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Clapton's European Tour Stops In Antwerp

Published // 10.Apr.04

On 9 April, Eric Clapton's 2004 World Tour stopped in Antwerp, Belgium for a gig at the Sportpaleis. After an opening set by Robert Randolph and the Family Band, Eric and His Band took the stage for an outstanding 18-song performance. Lots of Belgian fans have checked in with Where's Eric!, so we'll let them tell you all about it ...

Review by Harry Schuitemaker:

Being a fan of Eric from 1971 and seen shows over a period of thirty years I went to Antwerpen to see Eric and his band for the 6th time. I have to say that the replacement of Andy Fairweather-Low by Doyle Bramhall II has given Eric a boost that inspires him to do special things on his guitar. After Robert Randolph - who's music starts to irritate only after a short while - Eric kicked off with an old friend: 'Let It Rain'. The second song 'Hoochie Coochie Man' featured some backing vocals which have to be stripped right away! It just doesn't fit. An electric inspired 'Bell Bottom Blues' was followed by a stellar 'I Shot The Sheriff'! It's a miracle that a guitarplayer of 59 years old still tries to find the ultimate solo in each and every song. With the current version of 'Sheriff' Eric seems to be very near. Brilliant!

Then Eric switched to the section of Robert Johnson-songs. My personal favorite 'Kind Hearted Woman Blues' was one of five songs Eric played and it fitted well in the setlist. We already knew Eric was playing 'Got To Get Better In A Little While' in the European leg of his worldtour but I have to say I was a bit dissapointed by the performance of the band. It just sounded messy. The next two songs - 'I Want A Little Girl and 'Change The World' - went very well but couldn't reach the leavel of 'Have You Ever Loved A Woman' in which Eric showed his craftmanship with chickenskinsolo's. 'Badge' and 'Wonderful Tonight' are both old friends and routine in Eric-concerts. Maybe it's about time both should get a rest and replaced by other gems from the past. Then it was time for Doyle Bramhall II to show what a talent he is when he blended with Eric's guitar during 'Layla'. I have heard quite a few versions of this classic but this one comes very close to the one Duane and Eric made in 1970. Slideguitar doesn't seem to have much unknown areas for Bramhall II. After a solid 'Cocaïne' Eric played two songs during the encore in which Robert Randolph was invited to join in.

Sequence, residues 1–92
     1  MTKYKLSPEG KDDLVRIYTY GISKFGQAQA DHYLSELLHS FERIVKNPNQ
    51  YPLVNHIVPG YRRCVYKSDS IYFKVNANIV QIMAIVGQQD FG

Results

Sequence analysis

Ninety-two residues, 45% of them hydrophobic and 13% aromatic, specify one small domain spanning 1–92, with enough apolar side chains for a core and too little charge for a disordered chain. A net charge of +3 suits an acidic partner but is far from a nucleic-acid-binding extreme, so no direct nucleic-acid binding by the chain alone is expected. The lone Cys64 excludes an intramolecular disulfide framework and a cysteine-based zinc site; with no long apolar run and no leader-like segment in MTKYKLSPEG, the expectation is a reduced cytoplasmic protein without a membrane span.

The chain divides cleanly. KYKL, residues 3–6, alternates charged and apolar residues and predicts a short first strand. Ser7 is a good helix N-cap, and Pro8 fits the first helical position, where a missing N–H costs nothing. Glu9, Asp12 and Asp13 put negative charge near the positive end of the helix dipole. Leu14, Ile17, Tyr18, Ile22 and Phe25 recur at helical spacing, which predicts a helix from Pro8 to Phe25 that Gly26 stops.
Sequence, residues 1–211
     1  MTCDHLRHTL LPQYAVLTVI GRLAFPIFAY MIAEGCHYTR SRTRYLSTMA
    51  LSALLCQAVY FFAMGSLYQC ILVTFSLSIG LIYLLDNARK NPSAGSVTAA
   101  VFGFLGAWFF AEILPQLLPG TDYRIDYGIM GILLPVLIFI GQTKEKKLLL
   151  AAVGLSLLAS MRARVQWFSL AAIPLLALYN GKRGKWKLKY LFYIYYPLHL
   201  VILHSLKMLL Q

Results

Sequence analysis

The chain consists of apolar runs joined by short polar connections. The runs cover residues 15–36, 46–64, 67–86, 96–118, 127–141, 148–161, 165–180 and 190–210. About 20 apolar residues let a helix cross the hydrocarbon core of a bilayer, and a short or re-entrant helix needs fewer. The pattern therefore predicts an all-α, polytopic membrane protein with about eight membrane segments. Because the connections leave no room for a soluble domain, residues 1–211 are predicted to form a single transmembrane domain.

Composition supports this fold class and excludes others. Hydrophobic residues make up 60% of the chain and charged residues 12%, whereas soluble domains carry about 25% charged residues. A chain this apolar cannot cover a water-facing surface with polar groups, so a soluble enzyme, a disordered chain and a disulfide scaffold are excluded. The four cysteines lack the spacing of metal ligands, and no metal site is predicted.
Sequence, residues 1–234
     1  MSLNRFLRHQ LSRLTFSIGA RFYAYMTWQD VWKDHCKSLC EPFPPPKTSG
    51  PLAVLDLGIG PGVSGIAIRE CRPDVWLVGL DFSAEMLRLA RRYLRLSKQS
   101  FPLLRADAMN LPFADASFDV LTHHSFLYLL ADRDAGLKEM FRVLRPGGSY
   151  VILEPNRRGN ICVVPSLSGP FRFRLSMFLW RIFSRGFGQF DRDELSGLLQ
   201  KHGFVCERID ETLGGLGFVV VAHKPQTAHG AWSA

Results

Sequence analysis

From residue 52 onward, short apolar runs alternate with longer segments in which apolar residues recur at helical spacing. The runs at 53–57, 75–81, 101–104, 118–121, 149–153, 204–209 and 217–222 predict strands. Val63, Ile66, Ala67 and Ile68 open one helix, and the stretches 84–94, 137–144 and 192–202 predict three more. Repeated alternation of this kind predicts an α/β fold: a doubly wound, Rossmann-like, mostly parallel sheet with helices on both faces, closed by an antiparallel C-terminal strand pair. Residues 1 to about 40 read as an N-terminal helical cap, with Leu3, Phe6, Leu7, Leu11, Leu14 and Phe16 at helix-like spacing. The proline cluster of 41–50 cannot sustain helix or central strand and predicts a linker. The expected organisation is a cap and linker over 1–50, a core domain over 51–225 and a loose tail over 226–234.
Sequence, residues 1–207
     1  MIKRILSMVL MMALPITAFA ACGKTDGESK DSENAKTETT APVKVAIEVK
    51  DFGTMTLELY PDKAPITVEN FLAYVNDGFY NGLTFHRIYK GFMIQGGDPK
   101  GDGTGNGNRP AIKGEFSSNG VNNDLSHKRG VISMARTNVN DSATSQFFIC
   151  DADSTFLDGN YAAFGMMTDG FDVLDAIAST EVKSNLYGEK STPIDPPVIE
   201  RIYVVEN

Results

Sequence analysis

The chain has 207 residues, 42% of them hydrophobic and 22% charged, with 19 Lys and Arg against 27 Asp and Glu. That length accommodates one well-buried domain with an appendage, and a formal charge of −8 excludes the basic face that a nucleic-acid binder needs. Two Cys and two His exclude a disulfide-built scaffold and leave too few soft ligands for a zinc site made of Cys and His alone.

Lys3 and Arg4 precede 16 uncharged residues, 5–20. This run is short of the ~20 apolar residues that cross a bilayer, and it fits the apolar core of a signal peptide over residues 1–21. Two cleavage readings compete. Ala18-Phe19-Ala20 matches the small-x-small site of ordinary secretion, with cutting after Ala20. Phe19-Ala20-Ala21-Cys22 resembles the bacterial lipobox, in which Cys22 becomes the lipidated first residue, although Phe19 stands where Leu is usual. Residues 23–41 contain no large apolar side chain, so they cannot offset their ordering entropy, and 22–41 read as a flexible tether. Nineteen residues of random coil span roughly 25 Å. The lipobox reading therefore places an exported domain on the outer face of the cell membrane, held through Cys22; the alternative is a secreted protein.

Of the Clapton-shows I've seen this one's ranked in the top three. The only minor points of critic concern the backingvocals in 'Hoochie Coochie Man' and a crowd that was very timid at times it needed to be enthoustiatic.

Review by Tim Torrekens:

Last night I want to Ec for the fifth time, 12 years after the first gig. A few years ago (after 'from the cradle') I tought eric couldn't get any better than then. But I was wrong, eric is at his best at the age of 59!! God is still alive. It's like a good wine: the older, the better.

Let it rain was a nice discovery. An old song, nicely freshed up to start this show. The crowd (18.000 people) was wild from the first note. Hochie Cochie sounded very modern, especially with sharon and michelle in the back. Like all the shows before in this tour i shot the sherif was the first highlight of the evening. I got high from the great solos eric got out of his fingers. This was heavenly.

The songs from mr johnson survived the big crowd. I was a little nervous about these songs because they are so intimate and how would that sound in front of 18.000 people. But the songs were great, only they're red hot got lost in space. Bell bottom blues and have you ever loved a woman are my favourites and last night I heard them in the best version ever. Eric played like his life was in danger and all the others got their moment of glory (a big applaus for doyle and billy!!).

The crowd got higher and higher when layla and cocaine went 'crecendo'

Unfortunately the evening went by to fast and before I knew it I was back at home, re-enjoying every note. Eric: we still love you man. Hope to see you soon.

 

 

Review by Jens Gabriels:

I've seen many performances by EC on DVD and VHS, but this was my first live encounter with the man. I must say, it was better than I could have imagined...EC seemed to enjoy the concert very much and so did we...the solo in I Shot the Sherrif was amazing. The rest of the songs was also unbelievable. Nice work...the best concert i've ever seen.

Review by Ron Blank:

This was my first time ever seeing EC. Wow! It was extraordinary for me after all these years listening to him on classic rock radio stations. I was raised on so many Clapton songs in high school that they are ingrained in my memory more than most others. Where should I begin? First, Let it Rain opened the show and was far better than the Rainbow Concert CD which is my only recorded live version of it. The solo in I Shot the Sheriff brought down the house - it went on for at least 3 minutes and it was simply amazing.

The four new songs from Me and Mr Johnson sounded great on stage and were definitely more powerful than the record. Change the World was a great surprise. Have You Ever Loved a Woman was the opportunity for extended work by Chris Stainton, Billy Preston and Doyle Bramhal as well, of course, Eric. It was a lot more intense than the Albert Hall Concert disc of 1991.

After this we got the greatest hits section. I know that fans luckier than me that get to see a lot of shows lament having so many hits in the show. Sorry but they were fabulous for us. To wait that extended, excruciating moment for the solo in Badge was positively joyful. Then the double barrel shot of Layla and Cocaine which is Eric's signature were absolutely loved by us.